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Business etiquette in a virtual environment

  • Published
  • By Eugene “Jay” Berry, Director, Installation Protocol
  • 88th Air Base Wing Protocol

Commentary: As a Protocol officer, I have been asked numerous times to provide etiquette training for our total force Airmen. Many of the people who attend these seminars are new to the military, but some lessons are valuable reminders to all of us.  

As we continue to shift to operating in a virtual environment, we utilize and rely on electronic communication more than ever before. Understanding some basic business etiquette rules will not only improve communication but also promote professional and mutually respectful relationships.

Etiquette is defined as the rules that govern correct or polite behavior in society. Simply said, it is the practice of demonstrating good manners. Business etiquette refers to the expectations of ethical behavior, practices and conduct among professionals.

Telephone etiquette

In a virtual environment, conducting business on the telephone has become more common, even with someone you have not met personally. That said, business telephones should be answered in a pleasant and professional manner.

Example: “Wright-Patterson Protocol, Jay Berry speaking, how may I help you?”

When calling either domestically or internationally, the caller should identify himself or herself, company name or office, and location.

Example: “Good morning. This is Jay Berry from the 88th Air Base Wing, at Wright-Patterson Air Force Base, Ohio. May I please speak with Mr. John Smith?” 

When referring to oneself, civilians should never give themselves an honorific.  

  • Incorrect: “This is Mr. Jay Berry…”
  • Correct: “This is Jay Berry…”

Military members, however, should use rank to identify themselves when conducting business on the telephone.

When using a mobile phone, remember that a conversation in a public or crowded area is not private. Turn off or completely silence your mobile phone when in business meetings, events and ceremonies.

Email etiquette

Conducting business via email has been a popular technique for years. Even though we have used this platform for a while, here are some basic rules to follow:

  • Know your audience. Begin by utilizing the proper courtesy title when addressing your email. Avoid using terms and acronyms that may not be understood by all.
  • Always review your communication before sending it.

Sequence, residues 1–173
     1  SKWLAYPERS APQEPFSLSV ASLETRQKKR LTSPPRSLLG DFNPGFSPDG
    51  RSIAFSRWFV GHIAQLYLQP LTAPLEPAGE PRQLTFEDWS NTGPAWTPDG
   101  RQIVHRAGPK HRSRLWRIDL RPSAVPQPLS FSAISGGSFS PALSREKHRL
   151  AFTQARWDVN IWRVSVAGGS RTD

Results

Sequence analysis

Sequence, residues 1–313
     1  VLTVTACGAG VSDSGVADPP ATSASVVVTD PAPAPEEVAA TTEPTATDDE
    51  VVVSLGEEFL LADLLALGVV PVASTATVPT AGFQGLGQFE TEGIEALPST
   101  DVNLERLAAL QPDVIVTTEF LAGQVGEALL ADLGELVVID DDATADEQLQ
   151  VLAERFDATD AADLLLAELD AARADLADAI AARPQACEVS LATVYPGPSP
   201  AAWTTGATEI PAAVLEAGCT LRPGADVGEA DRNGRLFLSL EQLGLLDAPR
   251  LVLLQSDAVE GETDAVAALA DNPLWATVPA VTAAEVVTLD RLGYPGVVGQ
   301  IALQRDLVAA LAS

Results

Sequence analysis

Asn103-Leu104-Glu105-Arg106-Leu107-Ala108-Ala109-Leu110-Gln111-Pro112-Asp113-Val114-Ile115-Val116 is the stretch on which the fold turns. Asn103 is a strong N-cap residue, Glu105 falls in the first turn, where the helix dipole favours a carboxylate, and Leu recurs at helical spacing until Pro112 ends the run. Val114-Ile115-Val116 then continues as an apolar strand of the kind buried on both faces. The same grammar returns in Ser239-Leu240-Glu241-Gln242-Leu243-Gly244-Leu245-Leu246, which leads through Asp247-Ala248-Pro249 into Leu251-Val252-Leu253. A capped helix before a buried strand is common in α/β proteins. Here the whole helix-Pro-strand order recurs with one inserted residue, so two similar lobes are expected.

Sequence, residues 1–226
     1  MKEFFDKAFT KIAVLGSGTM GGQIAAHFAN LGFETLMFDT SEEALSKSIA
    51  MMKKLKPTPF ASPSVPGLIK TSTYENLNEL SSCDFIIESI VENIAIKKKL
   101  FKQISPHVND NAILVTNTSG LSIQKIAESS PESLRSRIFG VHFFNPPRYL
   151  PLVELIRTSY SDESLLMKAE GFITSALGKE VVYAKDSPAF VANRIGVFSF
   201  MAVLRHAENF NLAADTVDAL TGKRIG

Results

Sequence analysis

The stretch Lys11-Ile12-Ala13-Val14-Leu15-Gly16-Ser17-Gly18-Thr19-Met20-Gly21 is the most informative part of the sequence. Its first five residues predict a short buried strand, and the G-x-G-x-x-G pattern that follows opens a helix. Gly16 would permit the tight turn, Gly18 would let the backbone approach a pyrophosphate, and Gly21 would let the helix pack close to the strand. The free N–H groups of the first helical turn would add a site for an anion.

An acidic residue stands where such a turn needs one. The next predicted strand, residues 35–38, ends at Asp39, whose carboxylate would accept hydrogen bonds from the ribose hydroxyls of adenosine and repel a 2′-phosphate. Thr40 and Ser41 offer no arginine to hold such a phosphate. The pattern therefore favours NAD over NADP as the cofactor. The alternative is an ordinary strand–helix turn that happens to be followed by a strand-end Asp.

• Email does not include emotion, so always make sure your message says what you intend it to say. For example, the use of punctuation and capitalized letters may inadvertently change an innocent message into an offensive one.
  • Just like when you send messages, avoid negative interpretation where they may not exist. If you are offended by an email, take a moment to think about it from the sender’s perspective before reacting. Bottom line, never reply immediately when emotional issues are involved…sometimes, no response is the best response.
  • Be sure you are not copying individuals you shouldn’t and not removing people from the email traffic who still need the information.
  • Answer emails directed to you within 24 hours, even if it is to simply confirm receipt.

Video meeting platforms

The virtual environment has made video meetings a popular way to conduct business. As the newest format of electronic communication, we are still defining the best ways to conduct ourselves.

  • Set your environment: 
    • Always system-check equipment to ensure your video camera and microphone are functioning properly.
    • Blur out or utilize virtual backgrounds if the area you are using is unsightly or distracting. Be cognizant of lighting. 
    • Close your office door to minimize interruptions and distractions.
  • Make sure you are prepared:
    • Dress appropriately. Rule of thumb is to wear what you would if the meeting was in person.
    • Be on time and ready to contribute. Log in to a meeting 5-10 minutes prior to start time with all notetaking and briefing materials ready.
  • Conduct during the meeting:
    • Turn on your camera when you are speaking — it’s all about staying connected.
    • Mute your microphone when you are not speaking to reduce unwanted background noise.
    • Interrupt appropriately — raise your hand, unmute your mic or use the chat function.
    • Don’t eat or do other things you wouldn’t do in a face-to-face meeting.